By Kate Irwin
Elaine Marzluff does more for campus than teach chemistry — she also now works as the faculty athletics representative (FAR). Her role is to serve both academic and athletic interests by working closely with student athletes, coaches and faculty.
There are two components of the role of the FAR. The first is to serve as the chair of the Physical Education Committee. On this committee, she and other committee members work with National Collegiate Athletic Association (NCAA) legislation and think about policies, procedures and rules for the Midwest Conference.
In addition to Marzluff, members of the committee include Associate Athletic Director Erin Hurley, a male and female student athlete, Director of Athletics Andy Hamilton, and another faculty member for voting purposes.
Together, the Physical Education Committee examines sports schedules and policies that pertain to the influence of athletics on a student’s academics, such as missing classes for sporting events. Marzluff and the Physical Education Committee work to find a balance between academics and athletics.
“How do we minimize [a student missing class] but still allow the athletes to have their appropriate experience that we want them to have?” Marzluff presented as a question that the Physical Education Committee works to resolve.
Marzluff also serves on committees for the Midwest Conference and for the NCAA. For both groups, she discusses legislative business and listens to faculty and students to decide Grinnell’s institutional position in regard to athletics.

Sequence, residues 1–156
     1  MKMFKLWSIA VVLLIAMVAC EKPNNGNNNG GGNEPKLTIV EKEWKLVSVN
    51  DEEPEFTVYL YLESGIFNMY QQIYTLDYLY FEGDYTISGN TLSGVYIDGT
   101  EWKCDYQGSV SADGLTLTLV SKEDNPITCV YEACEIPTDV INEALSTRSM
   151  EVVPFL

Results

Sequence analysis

Marzluff’s second role as the FAR is to collaborate with student athletes, coaches and faculty to avoid and resolve conflicts. This facilitation is integral to student athletes’ college experience. Her job ensures that dissensions stemming from conflict between academics and sports are resolved in a manner that ensures both parties come to a fair resolution.
“For most students I should hopefully be in the background. But sometimes coaches will refer students to me, particularly if they’re having a struggle in a class. I also work with faculty. If they feel like they’re having an issue with an athletic schedule or student athlete, they might call me,” Marzluff said.
Recent student surveys have revealed that some students feel they needed to hide the fact they are an athlete because they feel like that could influence how their professor perceives them. This feeling is something that Marzluff is working to eliminate.
“To me that’s very troubling,” Marzluff said. “That any student athlete would feel the need to hide their identity as an athlete from their faculty member.”
Another role of the FAR is to support the development of relations between faculty members and sports teams through the Faculty Athletic Mentoring Program. Each sports team is assigned a faculty member to serve as a resource for students and to support the team at competitions.
This program not only supports students in their athletics, but also shows faculty what student athlete life is really like for Grinnell students. Serving as a mentor allows a faculty member to see the dedication and time that students are putting into their sport and then develop a clearer understanding of what practices and competitions are like.
“We want to minimize the tension, if there is a tension, between those [groups],” Marzluff said.
Justin Thomas is currently the FAR for Grinnell, but Marzluff is covering for Thomas while he is abroad for the Grinnell-in-London program. Marzluff does have previous experience with this role, as she served as the FAR for Grinnell before Thomas took this position.
Marzluff’s interest in the FAR position stems from her love of athletics.
“I’ve been a long-time supporter of athletics, I go to a lot of athletic events, and when they had an opening I came in,” Marzluff said.
Although Marzluff supports all Grinnell athletics, her favorite sports to watch here are basketball, baseball and swimming.
“Those are probably my favorite sports, but I try to get out to see contests for all sports.”